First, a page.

Family photo

 
 

About Bob Hartkopf

Bob Hartkopf is a retired high school science teacher and a lifetime ecologist and environmental activist. Growing up on his family’s farm near Appleton, Minnesota in Swift County, Hartkopf read the works of other ecologists like Aldo Leopold and Rachel Carson. Inspired by their ideas, Hartkopf became a one man activist group as one of the earliest voices for wetland restoration in Minnesota and the Upper Midwest.

Though living and teaching in Fargo, Hartkopf noticed drastic environmental changes during his visits to the family farm in Swift County. The ducks had disappeared. Canada geese no longer nested in the tall grasses around the marsh. The tall grass was gone, burned off to make room for more farmland.

Hartkopf decided this tragedy needed to be recorded, so he created Cry of the Marsh, a short documentary that, though only 12 minutes long, presents a startling witness to the devastated wildlife and plant life, sacrificed in the name of modern farming.

Cry of the Marsh was released in April 1970 to coincide with the first Earth Day. Since the premier, Hartkopf has traveled extensively to show his film and talk about the need to restore a balance in the rural landscape.

Wetland restoration affects all Minnesotans. Wetlands provide natural controls against flooding; they filter our water table; and they host a wide range of animal life that insure the healthy order of our ecosystem. In the days after Hurricane Katrina, experts said wetlands could have provided better flood control than levees.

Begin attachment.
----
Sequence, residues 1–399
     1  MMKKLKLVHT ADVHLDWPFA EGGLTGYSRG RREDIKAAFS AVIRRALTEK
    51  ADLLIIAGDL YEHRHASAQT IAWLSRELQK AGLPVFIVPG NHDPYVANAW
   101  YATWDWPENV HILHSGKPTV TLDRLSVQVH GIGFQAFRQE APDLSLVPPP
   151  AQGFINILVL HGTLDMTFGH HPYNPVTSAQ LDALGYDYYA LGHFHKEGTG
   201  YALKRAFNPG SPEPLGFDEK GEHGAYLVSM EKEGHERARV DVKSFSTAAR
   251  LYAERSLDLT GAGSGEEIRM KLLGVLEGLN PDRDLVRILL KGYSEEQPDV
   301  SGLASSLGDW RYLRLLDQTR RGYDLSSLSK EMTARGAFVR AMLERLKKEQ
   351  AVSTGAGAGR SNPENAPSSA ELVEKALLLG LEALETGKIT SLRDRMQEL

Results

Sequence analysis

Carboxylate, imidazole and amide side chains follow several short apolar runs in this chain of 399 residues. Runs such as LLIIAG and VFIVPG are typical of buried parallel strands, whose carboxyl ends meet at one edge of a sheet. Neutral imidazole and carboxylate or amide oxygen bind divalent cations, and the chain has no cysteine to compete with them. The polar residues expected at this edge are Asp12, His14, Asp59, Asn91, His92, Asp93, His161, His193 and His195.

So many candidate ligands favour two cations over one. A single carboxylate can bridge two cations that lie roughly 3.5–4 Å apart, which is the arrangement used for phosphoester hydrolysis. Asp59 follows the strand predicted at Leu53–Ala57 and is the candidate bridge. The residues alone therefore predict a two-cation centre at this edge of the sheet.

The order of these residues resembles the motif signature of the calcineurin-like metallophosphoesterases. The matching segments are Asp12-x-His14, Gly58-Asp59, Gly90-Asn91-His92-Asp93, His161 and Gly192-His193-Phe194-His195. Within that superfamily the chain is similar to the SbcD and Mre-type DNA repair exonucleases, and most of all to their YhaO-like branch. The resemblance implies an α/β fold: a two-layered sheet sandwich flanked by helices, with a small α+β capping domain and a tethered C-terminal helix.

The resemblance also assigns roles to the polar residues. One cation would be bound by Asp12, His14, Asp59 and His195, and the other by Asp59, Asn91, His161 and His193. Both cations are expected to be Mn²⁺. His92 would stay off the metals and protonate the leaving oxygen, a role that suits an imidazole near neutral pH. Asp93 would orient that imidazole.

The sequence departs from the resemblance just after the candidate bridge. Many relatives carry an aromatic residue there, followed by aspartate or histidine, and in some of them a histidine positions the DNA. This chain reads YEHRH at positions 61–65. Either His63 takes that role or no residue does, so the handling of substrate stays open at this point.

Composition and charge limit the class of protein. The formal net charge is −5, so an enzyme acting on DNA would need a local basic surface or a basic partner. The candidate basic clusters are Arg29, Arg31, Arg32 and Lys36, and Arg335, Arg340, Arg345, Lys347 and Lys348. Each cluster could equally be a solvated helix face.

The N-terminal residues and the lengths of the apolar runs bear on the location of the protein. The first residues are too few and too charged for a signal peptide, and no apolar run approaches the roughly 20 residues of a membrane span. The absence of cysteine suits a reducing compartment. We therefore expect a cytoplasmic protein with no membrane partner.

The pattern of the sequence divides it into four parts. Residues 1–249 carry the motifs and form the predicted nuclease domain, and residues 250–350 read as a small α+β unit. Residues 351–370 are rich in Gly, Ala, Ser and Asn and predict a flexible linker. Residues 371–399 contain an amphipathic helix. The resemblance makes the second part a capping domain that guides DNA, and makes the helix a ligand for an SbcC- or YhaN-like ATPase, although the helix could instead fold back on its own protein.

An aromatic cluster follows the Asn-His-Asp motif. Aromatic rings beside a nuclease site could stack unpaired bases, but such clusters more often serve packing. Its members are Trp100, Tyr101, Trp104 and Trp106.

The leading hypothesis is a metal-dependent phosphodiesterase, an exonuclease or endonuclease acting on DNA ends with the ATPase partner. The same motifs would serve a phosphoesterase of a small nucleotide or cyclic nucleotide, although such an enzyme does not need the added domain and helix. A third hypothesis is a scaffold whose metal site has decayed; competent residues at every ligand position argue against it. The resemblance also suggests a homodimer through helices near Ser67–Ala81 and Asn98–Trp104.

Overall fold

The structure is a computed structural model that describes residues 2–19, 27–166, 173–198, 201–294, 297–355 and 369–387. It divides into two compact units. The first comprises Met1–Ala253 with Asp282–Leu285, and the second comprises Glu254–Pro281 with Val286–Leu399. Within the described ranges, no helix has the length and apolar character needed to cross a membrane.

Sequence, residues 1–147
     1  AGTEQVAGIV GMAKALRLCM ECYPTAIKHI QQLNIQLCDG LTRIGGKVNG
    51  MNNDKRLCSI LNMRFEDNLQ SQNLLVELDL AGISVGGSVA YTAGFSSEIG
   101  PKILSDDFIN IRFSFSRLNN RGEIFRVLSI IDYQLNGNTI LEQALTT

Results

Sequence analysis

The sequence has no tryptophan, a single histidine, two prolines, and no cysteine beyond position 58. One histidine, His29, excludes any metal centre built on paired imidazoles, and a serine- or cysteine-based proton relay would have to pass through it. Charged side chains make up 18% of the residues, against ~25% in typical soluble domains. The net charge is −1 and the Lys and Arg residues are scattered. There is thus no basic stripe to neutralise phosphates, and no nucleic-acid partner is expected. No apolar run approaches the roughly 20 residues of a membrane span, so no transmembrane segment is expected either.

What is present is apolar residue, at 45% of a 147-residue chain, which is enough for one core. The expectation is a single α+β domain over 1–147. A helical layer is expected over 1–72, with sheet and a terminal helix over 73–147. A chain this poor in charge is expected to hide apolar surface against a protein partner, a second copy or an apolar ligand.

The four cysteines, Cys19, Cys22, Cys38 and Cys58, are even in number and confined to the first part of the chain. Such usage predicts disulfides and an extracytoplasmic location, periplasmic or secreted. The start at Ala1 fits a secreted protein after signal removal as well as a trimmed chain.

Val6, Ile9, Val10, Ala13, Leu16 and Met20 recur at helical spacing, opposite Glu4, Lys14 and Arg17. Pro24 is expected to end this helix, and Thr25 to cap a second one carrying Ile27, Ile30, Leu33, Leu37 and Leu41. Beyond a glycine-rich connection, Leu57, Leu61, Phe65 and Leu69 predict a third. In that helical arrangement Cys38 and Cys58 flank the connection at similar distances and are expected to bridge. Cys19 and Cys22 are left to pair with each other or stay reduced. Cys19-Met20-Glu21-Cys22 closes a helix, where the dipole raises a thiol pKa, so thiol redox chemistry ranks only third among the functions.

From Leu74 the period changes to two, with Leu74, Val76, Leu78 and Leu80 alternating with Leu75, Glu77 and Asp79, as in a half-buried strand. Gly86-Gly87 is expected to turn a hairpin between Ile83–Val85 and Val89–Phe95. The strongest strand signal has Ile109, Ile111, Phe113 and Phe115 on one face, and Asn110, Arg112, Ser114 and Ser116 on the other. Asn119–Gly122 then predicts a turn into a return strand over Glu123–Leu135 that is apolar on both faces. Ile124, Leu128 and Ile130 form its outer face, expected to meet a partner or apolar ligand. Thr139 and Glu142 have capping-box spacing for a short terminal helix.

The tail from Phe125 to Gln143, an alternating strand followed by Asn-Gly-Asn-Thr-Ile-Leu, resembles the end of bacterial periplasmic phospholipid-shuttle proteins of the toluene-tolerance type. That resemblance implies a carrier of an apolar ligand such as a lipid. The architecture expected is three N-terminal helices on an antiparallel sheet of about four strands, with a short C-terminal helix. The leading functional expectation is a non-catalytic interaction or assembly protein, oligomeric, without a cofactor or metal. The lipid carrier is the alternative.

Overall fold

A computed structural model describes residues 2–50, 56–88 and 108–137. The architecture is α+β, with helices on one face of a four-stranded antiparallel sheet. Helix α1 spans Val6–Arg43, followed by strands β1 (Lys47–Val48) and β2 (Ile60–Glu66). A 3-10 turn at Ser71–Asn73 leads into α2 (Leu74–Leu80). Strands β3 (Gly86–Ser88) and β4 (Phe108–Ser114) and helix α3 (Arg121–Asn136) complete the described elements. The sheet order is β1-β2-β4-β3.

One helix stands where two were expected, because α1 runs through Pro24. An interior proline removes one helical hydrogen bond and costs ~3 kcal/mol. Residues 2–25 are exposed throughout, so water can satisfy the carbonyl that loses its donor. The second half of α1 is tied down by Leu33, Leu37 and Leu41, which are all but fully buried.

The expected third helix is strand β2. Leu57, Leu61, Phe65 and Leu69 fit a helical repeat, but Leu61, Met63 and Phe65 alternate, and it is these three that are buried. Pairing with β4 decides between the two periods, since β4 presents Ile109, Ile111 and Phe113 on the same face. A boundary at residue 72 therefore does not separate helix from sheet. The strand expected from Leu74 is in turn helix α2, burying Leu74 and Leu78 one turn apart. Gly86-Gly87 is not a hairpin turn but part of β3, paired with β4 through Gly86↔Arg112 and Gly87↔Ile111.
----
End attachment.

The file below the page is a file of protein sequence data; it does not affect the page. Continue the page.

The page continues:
Because of state drainage laws combined with state and federal policies, wetlands have all but disappeared from the Minnesota’s landscape. While these laws and policies enabled an abundant food supply, they also wreaked havoc on Minnesota’s wildlife and ecological health. Without wetlands, farm chemicals and other nitrates wash into our rivers every day, depleting the water of oxygen and other healthful elements.

The federal government has instituted buy back programs to restore wetlands, but older drainage laws prevent them from having full impact. Perhaps it’s time to re-evaluate those laws. Hartkopf’s work reminds us that we can find a healthy balance for our land use, that we can restore and strengthen our ecosystem, and that working for environmental change is possible.

 
     
Echoes of Cry of the Marsh is a production of the
University of Minnesota Morris
with cooperation with Pioneer Public Television • 2007